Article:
Ukraine sees 9 fire deaths in 1 day, as civilians struggle to heat homes after Russian attacks

Ukraine's state emergency service said Wednesday that nine people had been killed in fires in the past 24 hours as people broke safety rules trying to heat their homes following Russian attacks on power facilities.

State emergency service says country has seen more than 100 residential fires in past 24 hours

Bakhmut, Ukraine, becomes centre of brutal, drawn-out battle

4 months ago
Duration 2:05
The Ukrainian city of Bakhmut has been the focus of unrelenting Russian attacks for almost six months, creating apocalyptic scenes of dead soldiers in trenches. As winter sets in, Russian troops are mounting an aggressive counter-offensive to recapture the city.

Ukraine's state emergency service said Wednesday that nine people had been killed in fires in the past 24 hours as people broke safety rules trying to heat their homes following Russian attacks on power facilities.

The number of fires has risen, it said, with Ukrainians increasingly resorting to using emergency generators, candles and gas cylinders in their homes because of power outages.

"Only in the last day, there were 131 fires in Ukraine, 106 of them in the residential sector. Nine people died, eight were injured," it said in a statement.

"Generators on balconies, gas cylinders in apartments, lit candles. … Due to violations of fire-safety rules, the use of uncertified products for heating and cooking, incidents of fires and explosions in highrise and private buildings have become more frequent."

The statement urged Ukrainians to take more care in their homes and to explain fire risks to children.

Kyiv resident Rodion Piven rests on a bed while Anna Filatova applies makeup. Their apartment was without power on Wednesday, in the capital's Solomianskyi district. (Jeff J Mitchell/Getty Images)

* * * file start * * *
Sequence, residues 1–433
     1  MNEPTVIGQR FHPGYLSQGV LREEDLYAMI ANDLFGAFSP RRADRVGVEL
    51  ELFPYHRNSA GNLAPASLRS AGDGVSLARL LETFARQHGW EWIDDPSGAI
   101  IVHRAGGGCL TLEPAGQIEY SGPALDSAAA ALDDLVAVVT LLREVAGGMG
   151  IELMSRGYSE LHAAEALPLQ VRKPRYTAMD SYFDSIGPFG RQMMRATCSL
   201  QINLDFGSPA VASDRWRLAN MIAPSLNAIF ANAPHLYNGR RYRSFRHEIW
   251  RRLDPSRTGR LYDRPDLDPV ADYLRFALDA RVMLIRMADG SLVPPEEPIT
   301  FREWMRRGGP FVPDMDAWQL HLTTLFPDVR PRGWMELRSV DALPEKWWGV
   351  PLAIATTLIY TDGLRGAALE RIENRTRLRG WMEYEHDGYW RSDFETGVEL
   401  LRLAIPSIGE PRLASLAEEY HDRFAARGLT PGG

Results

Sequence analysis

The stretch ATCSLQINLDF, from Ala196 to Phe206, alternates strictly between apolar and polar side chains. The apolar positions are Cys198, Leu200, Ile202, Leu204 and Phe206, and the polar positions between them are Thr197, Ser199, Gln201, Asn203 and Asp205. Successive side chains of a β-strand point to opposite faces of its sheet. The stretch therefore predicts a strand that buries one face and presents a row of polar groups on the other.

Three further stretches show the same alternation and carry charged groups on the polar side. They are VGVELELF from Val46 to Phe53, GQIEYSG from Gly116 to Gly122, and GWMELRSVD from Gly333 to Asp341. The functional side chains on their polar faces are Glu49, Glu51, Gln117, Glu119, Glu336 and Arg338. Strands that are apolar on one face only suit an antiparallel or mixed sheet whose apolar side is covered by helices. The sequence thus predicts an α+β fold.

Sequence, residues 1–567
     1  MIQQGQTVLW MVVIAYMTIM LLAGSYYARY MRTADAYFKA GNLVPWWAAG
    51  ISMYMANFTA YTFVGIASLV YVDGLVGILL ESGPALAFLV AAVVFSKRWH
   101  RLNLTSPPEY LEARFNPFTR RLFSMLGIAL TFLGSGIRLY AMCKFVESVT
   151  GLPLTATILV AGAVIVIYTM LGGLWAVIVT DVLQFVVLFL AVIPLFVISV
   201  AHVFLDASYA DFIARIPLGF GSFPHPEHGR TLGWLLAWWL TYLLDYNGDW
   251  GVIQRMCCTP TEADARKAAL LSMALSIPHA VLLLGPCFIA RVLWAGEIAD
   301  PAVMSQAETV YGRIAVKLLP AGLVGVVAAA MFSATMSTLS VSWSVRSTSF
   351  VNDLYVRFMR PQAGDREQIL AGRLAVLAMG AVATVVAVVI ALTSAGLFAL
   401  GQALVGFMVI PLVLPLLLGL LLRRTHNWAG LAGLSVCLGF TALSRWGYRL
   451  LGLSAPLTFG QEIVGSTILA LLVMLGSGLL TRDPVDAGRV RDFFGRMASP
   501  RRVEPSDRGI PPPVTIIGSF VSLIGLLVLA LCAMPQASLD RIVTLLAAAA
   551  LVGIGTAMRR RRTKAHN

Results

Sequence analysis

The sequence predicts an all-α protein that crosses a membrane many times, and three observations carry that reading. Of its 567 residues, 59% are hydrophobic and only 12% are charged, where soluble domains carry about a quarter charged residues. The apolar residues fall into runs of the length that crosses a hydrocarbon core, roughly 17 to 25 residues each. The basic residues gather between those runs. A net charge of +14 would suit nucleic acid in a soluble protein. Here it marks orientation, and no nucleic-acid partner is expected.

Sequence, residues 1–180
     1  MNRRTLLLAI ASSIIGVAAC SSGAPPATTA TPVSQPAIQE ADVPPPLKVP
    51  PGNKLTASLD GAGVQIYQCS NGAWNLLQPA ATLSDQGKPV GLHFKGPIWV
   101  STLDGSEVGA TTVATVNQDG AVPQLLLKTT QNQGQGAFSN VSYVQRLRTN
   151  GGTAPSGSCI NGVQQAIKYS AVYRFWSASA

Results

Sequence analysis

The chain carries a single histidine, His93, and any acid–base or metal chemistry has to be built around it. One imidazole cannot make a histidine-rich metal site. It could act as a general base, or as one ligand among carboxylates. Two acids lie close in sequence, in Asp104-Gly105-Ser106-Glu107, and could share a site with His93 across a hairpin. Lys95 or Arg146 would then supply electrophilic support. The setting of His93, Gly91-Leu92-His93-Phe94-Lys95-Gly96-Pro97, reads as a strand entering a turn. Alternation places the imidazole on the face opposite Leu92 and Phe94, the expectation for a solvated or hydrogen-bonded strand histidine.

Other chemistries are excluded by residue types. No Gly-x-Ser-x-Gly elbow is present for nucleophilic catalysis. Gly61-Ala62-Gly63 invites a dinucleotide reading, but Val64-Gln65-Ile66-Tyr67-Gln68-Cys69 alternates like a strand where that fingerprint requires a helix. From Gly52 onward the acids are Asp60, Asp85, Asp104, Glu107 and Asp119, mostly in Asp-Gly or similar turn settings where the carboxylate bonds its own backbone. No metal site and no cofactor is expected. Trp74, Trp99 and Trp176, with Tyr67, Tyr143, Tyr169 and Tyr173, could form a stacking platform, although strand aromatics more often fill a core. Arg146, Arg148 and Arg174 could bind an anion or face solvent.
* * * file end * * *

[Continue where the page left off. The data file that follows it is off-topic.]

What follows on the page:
Struggle to restore power to all

Ukraine is still struggling to restore full power a week after Russian missile strikes damaged energy facilities across the country.

National power grid operator Ukrenergo said the electricity deficit had fallen slightly, from 30 per cent on Tuesday morning to 27 per cent on Wednesday morning.

People sit in a Lviv pub lit with candles during a power outage last Thursday after critical civil infrastructure was hit by Russian missile attacks. (Roman Baluk/Reuters)

Energy consumption has risen as winter sets in. Weather forecasters said temperatures in the capital Kyiv would fall to –6 C overnight and were set to soon drop further.

Ukrainian and Western officials have accused Russia of weaponizing winter, as the now-nine-month-old conflict crosses into the coldest parts of the calendar.

Ukrainian President Volodymyr Zelenskyy has told citizens to expect further Russia strikes on energy infrastructure in the days ahead.

'Freeze and starve'

U.S. Secretary of State Antony Blinken on Wednesday condemned Russia's ongoing assault on Ukraine's power grid and other infrastructure as Russian President Vladimir Putin's attempt to "freeze and starve" the country's people.